Finally, may I turn to that other slavery: our $26 billion foreign debt. I have said that we shall honor it. Yet must the means by which we shall be able to do so be kept from us? Many conditions imposed on the previous government that stole this debt continue to be imposed on us who never benefited from it. And no assistance or liberality commensurate with the calamity that was visited on us has been extended. Yet ours must have been the cheapest revolution ever. With little help from others, we Filipinos fulfilled the first and most difficult conditions of the debt negotiation the full restoration of democracy and responsible government. Elsewhere, and in other times of more stringent world economic conditions, Marshall plans and their like were felt to be necessary companions of returning democracy.

When I met with President Reagan yesterday, we began an important dialogue about cooperation and the strengthening of the friendship between our two countries. That meeting was both a confirmation and a new beginning and should lead to positive results in all areas of common concern.

Today, we face the aspirations of a people who had known so much poverty and massive unemployment for the past 14 years and yet offered their lives for the abstraction of democracy. Wherever I went in the campaign, slum area or impoverished village, they came to me with one cry: democracy! Not food, although they clearly needed it, but democracy. Not work, although they surely wanted it, but democracy. Not money, for they gave what little they had to my campaign. They didn’t expect me to work a miracle that would instantly put food into their mouths, clothes on their back, education in their children, and work that will put dignity in their lives. But I feel the pressing obligation to respond quickly as the leader of a people so deserving of all these things.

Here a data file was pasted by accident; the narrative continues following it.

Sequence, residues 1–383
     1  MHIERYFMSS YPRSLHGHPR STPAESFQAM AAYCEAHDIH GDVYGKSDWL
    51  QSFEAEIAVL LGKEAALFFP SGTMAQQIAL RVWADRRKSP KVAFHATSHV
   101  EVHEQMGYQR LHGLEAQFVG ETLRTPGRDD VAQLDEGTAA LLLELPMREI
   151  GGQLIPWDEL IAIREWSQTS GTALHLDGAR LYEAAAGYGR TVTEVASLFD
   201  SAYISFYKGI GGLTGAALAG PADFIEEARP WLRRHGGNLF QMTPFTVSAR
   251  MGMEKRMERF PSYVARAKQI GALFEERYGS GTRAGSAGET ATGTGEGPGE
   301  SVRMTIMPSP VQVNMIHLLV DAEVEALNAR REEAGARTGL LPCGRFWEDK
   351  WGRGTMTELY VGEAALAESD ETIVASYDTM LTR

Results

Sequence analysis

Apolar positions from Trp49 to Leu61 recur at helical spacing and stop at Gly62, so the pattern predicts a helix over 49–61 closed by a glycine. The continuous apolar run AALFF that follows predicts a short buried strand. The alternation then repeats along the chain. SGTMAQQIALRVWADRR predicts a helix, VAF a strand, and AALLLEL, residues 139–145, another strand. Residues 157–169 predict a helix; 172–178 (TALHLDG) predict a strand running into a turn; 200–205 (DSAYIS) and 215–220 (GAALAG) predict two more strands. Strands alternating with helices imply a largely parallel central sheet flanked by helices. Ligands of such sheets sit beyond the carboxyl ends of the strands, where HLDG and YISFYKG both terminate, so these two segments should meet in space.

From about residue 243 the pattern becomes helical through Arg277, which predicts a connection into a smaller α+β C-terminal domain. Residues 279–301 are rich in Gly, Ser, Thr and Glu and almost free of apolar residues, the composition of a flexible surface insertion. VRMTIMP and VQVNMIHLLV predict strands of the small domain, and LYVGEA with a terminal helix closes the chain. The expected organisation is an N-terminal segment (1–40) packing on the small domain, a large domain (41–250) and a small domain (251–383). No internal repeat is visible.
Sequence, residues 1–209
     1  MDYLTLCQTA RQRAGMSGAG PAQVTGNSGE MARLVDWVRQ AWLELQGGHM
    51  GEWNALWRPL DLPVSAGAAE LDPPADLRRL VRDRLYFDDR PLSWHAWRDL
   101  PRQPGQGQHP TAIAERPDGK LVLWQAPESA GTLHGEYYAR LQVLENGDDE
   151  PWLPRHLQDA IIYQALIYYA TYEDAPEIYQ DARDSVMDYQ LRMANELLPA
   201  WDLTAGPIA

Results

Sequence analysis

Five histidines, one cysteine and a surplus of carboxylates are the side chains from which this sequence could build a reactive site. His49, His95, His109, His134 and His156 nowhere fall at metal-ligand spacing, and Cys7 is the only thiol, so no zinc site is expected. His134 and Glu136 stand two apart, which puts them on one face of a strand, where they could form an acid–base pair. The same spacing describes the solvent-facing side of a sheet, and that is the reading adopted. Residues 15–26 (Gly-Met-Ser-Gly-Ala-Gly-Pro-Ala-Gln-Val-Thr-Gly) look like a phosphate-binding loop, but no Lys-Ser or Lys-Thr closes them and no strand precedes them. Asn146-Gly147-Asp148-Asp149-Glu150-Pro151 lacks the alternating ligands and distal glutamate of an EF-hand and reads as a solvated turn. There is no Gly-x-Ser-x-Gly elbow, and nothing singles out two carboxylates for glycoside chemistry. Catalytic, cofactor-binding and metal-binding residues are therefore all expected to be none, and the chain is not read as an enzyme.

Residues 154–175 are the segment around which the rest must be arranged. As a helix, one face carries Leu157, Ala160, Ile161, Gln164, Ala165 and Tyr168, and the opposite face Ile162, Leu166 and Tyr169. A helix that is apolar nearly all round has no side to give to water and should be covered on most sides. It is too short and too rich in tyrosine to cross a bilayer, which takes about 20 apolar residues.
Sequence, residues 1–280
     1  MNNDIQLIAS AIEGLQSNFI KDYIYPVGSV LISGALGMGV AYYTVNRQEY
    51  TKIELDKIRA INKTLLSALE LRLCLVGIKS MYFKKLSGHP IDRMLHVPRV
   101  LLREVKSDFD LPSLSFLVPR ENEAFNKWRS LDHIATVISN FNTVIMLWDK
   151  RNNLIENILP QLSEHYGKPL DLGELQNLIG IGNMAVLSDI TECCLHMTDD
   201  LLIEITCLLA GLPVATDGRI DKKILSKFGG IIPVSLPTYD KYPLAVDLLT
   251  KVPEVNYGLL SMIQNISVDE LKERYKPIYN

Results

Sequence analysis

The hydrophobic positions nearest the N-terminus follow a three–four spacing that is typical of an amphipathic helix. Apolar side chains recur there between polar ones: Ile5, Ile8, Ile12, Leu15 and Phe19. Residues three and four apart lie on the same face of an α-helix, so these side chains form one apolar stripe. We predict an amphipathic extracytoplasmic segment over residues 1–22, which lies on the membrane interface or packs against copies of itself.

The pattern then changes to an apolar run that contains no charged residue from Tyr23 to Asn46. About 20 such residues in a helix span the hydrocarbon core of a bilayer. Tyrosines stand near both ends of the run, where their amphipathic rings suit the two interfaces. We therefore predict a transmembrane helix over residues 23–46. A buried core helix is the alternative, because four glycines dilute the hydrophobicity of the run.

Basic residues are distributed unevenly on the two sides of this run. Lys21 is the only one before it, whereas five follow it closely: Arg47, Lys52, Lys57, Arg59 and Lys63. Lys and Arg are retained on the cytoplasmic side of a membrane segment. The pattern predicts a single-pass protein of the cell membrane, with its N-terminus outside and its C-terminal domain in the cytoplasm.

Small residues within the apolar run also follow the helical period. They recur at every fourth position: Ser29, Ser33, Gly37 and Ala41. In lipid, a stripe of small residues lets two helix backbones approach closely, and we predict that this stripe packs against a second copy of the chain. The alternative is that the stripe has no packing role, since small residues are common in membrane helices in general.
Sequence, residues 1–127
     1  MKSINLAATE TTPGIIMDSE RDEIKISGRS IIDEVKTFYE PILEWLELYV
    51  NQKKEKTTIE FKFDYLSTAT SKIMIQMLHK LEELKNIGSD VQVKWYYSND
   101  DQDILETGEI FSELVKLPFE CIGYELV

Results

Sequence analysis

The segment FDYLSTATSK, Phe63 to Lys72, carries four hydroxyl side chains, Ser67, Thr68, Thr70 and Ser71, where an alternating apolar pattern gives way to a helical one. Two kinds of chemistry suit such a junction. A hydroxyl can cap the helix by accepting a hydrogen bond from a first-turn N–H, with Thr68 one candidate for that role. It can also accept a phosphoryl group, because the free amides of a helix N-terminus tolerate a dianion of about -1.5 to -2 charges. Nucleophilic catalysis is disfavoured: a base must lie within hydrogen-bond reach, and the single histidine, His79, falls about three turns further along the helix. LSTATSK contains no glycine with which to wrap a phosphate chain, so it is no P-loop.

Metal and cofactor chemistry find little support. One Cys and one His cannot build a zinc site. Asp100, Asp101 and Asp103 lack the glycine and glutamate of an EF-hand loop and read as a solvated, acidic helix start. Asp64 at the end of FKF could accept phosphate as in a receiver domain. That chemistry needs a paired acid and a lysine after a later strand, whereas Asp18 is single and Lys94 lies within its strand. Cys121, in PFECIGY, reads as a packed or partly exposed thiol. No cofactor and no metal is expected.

We face a communist insurgency that feeds on economic deterioration, even as we carry a great share of the free world defenses in the Pacific. These are only two of the many burdens my people carry even as they try to build a worthy and enduring house for their new democracy, that may serve as well as a redoubt for freedom in Asia. Yet, no sooner is one stone laid than two are taken away. Half our export earnings, $2 billion out of $4 billion, which was all we could earn in the restrictive markets of the world, went to pay just the interest on a debt whose benefit the Filipino people never received.

Still, we fought for honor, and, if only for honor, we shall pay. And yet, should we have to wring the payments from the sweat of our men’s faces and sink all the wealth piled up by the bondsman’s two hundred fifty years of unrequited toil?

Yet to all Americans, as the leader of a proud and free people, I address this question: has there been a greater test of national commitment to the ideals you hold dear than that my people have gone through? You have spent many lives and much treasure to bring freedom to many lands that were reluctant to receive it. And here you have a people who won it by themselves and need only the help to preserve it.

Three years ago, I said thank you, America, for the haven from oppression, and the home you gave Ninoy, myself and our children, and for the three happiest years of our lives together. Today, I say, join us, America, as we build a new home for democracy, another haven for the oppressed, so it may stand as a shining testament of our two nation’s commitment to freedom.